Once Upon a Time is Now – TEDxVienna City 2.0



Here’s a short story.

In the Wiental of long ago lived der alte Mann Donau. He had made himself lord of all things and to all things he gave order. It was he who decreed that the sun shall rise in the east, that the wolf shall hunt the rabbit, that the seasons shall each take their turn. For a thousand thousand years alte Mann Donau set the world to rights by tying a string to each plant and animal, each sun and star, until all freedom and surprise was gone and he could play them all like puppets. This is perfection, thought alte Mann Donau, to whom nothing now was unknown. The world is complete.

But then one day, from the north, from the east, from the south, and from the west strange beings called humans came over the mountains and across the plains and from out of the great fog and they came to live in the Wiental. These humans could not be controlled and chaos rode before them like smoke before a fire, burning the strings that alte Mann Donau had bound the world with.

© Verkehrsbüro Group/APA-Fotoservice/Haslinger

Horrified, alte Mann Donau fled to the river and slipped beneath its waters. There he waited and watched as the humans baked clay into bricks and shaped the very stones of the mountains into a city. His anger smoldered and made the river boil white and overflow its banks and he thought he would scare the humans into leaving. But when they saw the wild white water they thought it beautiful and so named their city for it.

Alte Mann Donau was appalled by the ever-changing city and by the ever-changing habits and ideas of the humans and he vowed to punish them. He pledged to wait until they had finished their great city. Until they had made it perfect and ordered and unchanging. Then would he set loose the river and flood Vienna and watch its towers crumble like sand castles. On dark nights he comes ashore as an old man, his back bent, and asks the people if Vienna is finished. No, no, they tell him. There is much to do. So alte Mann Donau returns to his watery cave where he waits, legs aching, watching. His anger still smoldering. Soon, he thinks. Soon.

This origin myth is borrowed from the Estonian legend of Ülemiste vanake, in which the old man of the lake threatens to flood Tallinn if it should ever be completed. Humans are cast here as liberators from tyranny, but in reality we have long sought the omniscience and omnipotence, and with them the control, exhibited by alte Mann Donau. In the global West, especially, we have worked tirelessly to untangle the weave of existence, convinced by Cartesian dualism and Newtonian physics that things either are or are not, that complexity can always be reduced to its constituent parts, and that a mastery of rules acquired through the silo-ing of knowledge will lead us to greater heights. We believe in means to an end, rather than in the end being the means. The destination is always prized above the journey.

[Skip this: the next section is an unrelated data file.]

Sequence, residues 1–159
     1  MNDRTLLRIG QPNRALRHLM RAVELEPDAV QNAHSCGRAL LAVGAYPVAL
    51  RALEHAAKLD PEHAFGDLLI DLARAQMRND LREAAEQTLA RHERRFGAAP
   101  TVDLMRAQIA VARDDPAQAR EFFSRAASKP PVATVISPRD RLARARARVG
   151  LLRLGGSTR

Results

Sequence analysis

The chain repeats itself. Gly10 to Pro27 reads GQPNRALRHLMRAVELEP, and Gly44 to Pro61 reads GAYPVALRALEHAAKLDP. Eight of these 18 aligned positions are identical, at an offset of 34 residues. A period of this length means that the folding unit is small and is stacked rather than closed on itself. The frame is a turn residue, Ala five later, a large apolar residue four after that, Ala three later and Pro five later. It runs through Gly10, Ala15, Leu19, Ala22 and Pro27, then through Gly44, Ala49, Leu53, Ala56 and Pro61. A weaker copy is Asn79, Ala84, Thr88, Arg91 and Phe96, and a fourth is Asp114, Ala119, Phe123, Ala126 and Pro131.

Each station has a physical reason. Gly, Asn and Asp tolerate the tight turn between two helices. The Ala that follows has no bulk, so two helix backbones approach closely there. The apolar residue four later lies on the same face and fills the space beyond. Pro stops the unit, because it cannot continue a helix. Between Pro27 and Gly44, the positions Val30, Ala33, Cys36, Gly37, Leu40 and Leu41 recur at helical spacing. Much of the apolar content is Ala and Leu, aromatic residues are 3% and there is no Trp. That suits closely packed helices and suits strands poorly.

But the takeaway from this myth is that completion is death to a city, just as it is to all forms of life. Cities are not exactly living organisms, and the oft-made comparison has its flaws, but their behavior and their needs share certain similarities. Like life itself, The City is a process more than a product, forever changing, adapting, and unfinished. The status quo is maintained only in ruins, or in death. The journey is everything.

TEDxVienna City 2.0

On 20 September, 2013, TEDxVienna will host a City2.0 event, the theme of which will be The Unfinished City. But in a city widely praised for its extraordinary quality of life, what more is there to do? What are the most critical areas demanding our attention? What are the risks of ignoring them? And if we say City2.0, what was City1.0? Are we really in the midst of a transition so fundamental as to form a dividing line between the near future and the first 7000 years of urbanism? What are we transitioning from, and what to?

Join us later this month and become part of the discussion. Imagine Vienna 2.0. Help us dream it. Build it. Make it real.

Header Image(s) from Pixabay & Gratisography

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